January 2019: Nature Watch

December 19 2018

When I first came to Bristol many years ago, a peregrine was a very rare sight in the city.

The peregrine is a large falcon with a steel-grey back the colour of a stormy winter sky and racy, pointed wings. Their wingspan is up to 115cm (that is half as wide again as a wood pigeon) and they can reach speeds of up to 60 mph in level flight. They are a bird of superlatives; stronger, faster and more beautiful. The buzzard seems ponderous beside them, the sparrowhawk diminished.

It was with great excitement that we went to see them at their first Bristolian nesting site in the Avon Gorge in 1990. Now they are regular visitors to our skies and breed successfully most years in their rocky eyrie. They are a wider conservation success story, too. They suffered catastrophic declines in the 1960’s due to the accumulation of harmful pesticides in the food chain (particularly DDT) but when these pesticides were finally banned the birds began to spread again, recolonising Bristol in the 90’s and even adopting an occasional high-rise building as a nest site.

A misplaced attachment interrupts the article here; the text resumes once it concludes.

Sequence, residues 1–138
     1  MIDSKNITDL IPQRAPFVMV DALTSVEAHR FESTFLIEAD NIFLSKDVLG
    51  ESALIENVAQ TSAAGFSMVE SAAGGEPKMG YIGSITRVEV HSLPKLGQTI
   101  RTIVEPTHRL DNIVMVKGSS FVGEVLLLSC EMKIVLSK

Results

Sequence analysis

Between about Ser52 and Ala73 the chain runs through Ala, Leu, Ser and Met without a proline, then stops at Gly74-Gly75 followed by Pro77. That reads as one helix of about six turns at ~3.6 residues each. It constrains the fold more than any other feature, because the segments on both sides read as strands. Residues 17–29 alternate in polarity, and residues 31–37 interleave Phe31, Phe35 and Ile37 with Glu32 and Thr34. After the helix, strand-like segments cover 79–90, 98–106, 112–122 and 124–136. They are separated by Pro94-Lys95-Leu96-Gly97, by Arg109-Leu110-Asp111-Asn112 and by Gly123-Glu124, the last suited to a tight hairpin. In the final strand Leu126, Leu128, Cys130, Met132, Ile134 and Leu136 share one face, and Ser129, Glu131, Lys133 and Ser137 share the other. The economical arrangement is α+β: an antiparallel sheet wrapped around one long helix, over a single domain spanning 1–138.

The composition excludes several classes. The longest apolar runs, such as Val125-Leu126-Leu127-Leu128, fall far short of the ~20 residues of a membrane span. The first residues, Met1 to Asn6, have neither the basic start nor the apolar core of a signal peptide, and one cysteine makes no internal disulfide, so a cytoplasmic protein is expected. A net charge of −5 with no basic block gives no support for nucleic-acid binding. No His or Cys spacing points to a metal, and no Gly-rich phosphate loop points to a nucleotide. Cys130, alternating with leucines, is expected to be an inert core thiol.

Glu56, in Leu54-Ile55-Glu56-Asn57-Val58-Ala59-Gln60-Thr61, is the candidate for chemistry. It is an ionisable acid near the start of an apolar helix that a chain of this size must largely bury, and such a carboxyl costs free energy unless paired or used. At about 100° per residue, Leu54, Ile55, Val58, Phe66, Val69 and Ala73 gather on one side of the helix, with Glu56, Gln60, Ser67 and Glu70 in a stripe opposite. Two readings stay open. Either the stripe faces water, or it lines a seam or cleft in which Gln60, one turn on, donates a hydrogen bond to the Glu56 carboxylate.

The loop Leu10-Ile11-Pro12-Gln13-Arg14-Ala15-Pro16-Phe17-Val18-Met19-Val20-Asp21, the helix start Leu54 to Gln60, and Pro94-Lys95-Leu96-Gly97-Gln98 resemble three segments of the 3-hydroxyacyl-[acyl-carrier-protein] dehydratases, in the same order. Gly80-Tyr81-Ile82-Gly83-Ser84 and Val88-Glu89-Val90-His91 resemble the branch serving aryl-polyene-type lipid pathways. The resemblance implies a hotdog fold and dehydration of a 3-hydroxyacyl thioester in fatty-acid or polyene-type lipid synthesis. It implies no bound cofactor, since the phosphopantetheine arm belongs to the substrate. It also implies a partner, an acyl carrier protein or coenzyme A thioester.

Now, they can be seen hunting over Bristol all year round and they are well worth looking for in the empty skies of January. One of the fastest birds in level flight, they also have a specialised hunting technique of wheeling up above their prey (which is usually a bird on the wing) and then “stooping”. They fold their wings and plummet, hitting their prey at speeds that can reach around 200 mph, killing it instantly. At which point they pluck it, dead, from the air (this could be an unfortunate lumbering pigeon, or a darting starling taken from its whirlwind flock) and carry it away to their feeding place.

You can spot the presence of a peregrine by a flurry of pigeons as they scatter in sudden fear at the sight of the distinctive silhouette: it is always worth looking up if you see pigeon-panic. Check for a large, long-winged bird, cloud-dark above, with a paler breast, probably soaring above the milling flock, gliding on straight wings, or strongly beating its wings to pick up speed. And the stoop is unmistakable – the sudden folding of the wings and the dive like a speeding arrow to the target, almost too fast to track.

If you want to read more about the peregrine there is a wonderful book called The Peregrine by J.A. Baker, who tracked his local birds, obsessively following them on his pushbike through wind and snow, writing about his experiences when he got back home. They are the kind of bird that can trigger eccentric behaviour in their admirers! 

We are lucky to still have peregrines in Britain, pesticides could have wiped them all out. Let’s hope the New Year brings other success stories for our wildlife making it a Happy New Year for us all.